I've been observing the development around King's Cross for the past few years, most recently the new flats along York Way. Watching these being slotted together reminded me of the Bayko Building Set I had as a child; one of my favourite toys.
First came a steel frame, then windows were slotted in and insulation panels inserted - these are 'Kooltherm' suggesting that they are designed to stay cool in the summer and retain heat in the winter. Finally an outer cladding is added over this. On the York Way flats this is a mixture of variegated grey strips and white panels that look like overgrown venetian blinds. At the moment they look quite ugly but I'll reserve final comment until they're completed.
I began to wonder, would it be more accurate to describe these flats as being assembled rather than built? Or are build, assemble and construct synonymous? After all, however we describe the initial process, we would refer to the end result as a building.
While doing some research into construction methods in an attempt to answer this question I discovered that as well as being used to design buildings, computers can now also be used to build them. These so-called printed buildings are produced using a 3-D printer, as shown in this YouTube video.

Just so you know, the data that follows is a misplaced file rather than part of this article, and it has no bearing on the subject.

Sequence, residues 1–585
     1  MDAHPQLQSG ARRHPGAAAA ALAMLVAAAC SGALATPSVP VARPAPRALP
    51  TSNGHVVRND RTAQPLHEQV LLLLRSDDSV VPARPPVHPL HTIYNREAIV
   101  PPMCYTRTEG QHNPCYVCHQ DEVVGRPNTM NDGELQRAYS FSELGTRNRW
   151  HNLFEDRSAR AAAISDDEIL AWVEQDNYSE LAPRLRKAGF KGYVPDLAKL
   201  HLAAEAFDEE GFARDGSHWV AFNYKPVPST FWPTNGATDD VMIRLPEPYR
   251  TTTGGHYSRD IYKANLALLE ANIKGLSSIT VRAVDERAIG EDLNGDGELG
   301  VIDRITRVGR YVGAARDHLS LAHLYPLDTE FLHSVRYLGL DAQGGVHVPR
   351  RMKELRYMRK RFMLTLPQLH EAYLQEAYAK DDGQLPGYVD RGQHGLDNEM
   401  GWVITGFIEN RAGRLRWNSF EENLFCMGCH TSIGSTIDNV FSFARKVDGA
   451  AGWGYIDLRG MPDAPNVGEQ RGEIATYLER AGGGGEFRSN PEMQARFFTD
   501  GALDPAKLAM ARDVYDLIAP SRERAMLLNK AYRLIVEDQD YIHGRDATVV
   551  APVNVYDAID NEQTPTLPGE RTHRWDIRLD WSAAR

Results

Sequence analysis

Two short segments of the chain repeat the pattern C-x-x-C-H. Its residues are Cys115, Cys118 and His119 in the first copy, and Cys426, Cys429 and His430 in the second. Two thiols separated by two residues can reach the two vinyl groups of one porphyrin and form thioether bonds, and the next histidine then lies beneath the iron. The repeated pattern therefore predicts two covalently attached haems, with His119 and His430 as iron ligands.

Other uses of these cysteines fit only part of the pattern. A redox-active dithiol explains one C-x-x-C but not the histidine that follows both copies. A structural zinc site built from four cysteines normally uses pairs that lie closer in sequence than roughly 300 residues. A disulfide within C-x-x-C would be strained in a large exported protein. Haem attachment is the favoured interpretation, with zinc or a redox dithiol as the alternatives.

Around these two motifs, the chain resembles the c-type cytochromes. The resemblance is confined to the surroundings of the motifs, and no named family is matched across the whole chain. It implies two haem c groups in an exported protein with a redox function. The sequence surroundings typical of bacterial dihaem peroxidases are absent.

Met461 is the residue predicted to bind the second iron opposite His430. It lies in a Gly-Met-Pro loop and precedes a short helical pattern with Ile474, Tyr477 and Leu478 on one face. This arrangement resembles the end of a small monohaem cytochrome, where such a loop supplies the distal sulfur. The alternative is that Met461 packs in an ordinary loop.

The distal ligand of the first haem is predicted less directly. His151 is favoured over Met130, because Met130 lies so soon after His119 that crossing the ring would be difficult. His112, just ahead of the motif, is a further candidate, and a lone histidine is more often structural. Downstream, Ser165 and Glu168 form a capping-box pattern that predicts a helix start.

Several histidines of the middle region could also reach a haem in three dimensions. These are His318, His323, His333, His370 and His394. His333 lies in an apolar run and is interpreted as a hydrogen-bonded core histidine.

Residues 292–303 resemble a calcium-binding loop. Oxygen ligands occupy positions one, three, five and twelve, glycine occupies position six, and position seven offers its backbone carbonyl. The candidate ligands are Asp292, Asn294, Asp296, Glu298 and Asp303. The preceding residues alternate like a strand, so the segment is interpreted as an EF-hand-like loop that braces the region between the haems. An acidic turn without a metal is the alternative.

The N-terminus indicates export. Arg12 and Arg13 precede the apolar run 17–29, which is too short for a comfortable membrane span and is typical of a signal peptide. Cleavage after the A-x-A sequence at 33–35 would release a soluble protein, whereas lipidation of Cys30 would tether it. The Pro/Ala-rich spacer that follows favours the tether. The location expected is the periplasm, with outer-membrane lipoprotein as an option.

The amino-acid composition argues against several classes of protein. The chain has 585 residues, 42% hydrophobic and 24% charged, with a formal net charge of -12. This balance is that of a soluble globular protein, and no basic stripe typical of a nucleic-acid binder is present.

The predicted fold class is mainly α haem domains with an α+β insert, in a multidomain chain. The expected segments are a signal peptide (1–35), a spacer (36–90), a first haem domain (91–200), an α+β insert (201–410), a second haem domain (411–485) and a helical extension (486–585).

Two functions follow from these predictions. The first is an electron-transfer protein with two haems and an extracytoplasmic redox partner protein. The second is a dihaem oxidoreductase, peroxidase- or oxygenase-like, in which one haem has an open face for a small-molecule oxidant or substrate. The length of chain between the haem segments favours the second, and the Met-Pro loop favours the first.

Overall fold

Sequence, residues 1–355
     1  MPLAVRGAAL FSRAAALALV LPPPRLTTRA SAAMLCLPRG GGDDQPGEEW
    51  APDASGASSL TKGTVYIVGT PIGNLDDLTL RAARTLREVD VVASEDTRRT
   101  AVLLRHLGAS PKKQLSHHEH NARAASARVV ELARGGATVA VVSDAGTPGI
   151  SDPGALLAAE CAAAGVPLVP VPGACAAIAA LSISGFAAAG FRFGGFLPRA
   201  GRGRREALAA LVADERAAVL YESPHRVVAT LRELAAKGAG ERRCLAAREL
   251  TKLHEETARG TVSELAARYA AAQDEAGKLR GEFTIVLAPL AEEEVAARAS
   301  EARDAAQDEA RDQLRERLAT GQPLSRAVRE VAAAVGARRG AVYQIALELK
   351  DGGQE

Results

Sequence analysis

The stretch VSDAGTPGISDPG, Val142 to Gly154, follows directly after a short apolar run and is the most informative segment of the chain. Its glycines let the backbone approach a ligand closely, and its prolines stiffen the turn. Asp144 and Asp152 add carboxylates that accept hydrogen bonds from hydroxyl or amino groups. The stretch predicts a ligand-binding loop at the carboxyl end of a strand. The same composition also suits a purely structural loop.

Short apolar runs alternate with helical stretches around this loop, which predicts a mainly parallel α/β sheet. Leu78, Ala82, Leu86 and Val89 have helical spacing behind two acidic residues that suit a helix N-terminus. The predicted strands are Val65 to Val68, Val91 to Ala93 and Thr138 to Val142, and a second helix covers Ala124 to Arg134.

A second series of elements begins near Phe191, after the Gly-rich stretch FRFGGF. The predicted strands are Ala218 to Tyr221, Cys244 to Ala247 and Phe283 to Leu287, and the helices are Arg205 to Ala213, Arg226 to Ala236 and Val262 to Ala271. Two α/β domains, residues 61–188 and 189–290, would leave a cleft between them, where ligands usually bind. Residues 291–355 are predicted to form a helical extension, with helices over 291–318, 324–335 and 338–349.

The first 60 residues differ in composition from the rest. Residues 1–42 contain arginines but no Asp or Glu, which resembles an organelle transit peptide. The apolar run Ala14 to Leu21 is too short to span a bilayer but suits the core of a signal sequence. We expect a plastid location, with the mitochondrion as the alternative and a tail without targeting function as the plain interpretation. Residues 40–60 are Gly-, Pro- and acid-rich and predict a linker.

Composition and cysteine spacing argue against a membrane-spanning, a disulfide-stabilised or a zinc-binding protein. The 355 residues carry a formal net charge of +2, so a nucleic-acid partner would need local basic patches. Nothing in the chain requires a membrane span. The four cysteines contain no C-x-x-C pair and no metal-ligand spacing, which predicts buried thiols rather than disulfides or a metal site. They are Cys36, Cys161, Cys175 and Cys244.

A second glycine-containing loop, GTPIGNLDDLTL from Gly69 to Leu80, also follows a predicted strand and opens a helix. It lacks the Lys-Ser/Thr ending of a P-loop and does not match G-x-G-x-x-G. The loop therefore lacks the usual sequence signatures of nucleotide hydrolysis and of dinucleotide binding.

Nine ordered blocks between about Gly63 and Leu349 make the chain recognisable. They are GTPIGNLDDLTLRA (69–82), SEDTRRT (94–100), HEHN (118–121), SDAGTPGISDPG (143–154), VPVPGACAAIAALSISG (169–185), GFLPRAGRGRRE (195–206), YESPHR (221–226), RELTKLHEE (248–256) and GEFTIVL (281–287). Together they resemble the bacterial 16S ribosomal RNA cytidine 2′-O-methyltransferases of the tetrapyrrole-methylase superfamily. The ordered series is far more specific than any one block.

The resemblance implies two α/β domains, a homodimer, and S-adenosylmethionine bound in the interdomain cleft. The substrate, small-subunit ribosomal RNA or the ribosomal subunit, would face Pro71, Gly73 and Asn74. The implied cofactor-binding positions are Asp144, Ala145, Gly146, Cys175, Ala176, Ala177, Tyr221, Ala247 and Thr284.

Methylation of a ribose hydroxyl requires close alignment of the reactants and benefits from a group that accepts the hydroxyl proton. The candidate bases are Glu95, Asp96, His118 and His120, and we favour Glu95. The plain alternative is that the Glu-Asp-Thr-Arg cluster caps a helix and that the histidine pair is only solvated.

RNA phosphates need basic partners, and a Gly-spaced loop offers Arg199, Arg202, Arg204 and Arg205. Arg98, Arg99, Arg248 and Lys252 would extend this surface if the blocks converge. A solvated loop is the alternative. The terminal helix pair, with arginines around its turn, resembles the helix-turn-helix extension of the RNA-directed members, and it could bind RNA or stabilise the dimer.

An interesting feature of this method of construction is that utilities - water pipes, conduits for wiring etc. - can be embedded into the structure when it is created. This seems very convenient but what happens when maintenance is required later?
This is the problem faced by owners of the flats at Highpoint in Highgate. Designed by Berthold Lubetkin in the 1930s it has been suggested that this is "Perhaps the single most celebrated Modernist building of the 1930s in London." (Alan Powers, Modern: The Modern Movement in Britain). It's built of reinforced concrete and heated by a communal boiler that pumps hot water through pipes embedded in the concrete ceilings of the flats. This is now becoming erratic due to corrosion in the pipes - the poor state of these became apparent a few years ago when a fire damaged one of the ceilings and a section of the pipework was exposed. It is clear that the system has reached the end of its life and something needs to be done but no-one has any idea what as the heating system is integral to the fabric of the building. Wasn't this a design flaw? I asked one of the residents. Yes, he admitted but Lubetkin didn't consider this when he designed the building as he didn't expect it to have a life-span of more than 50 years. Now it's Grade I listed...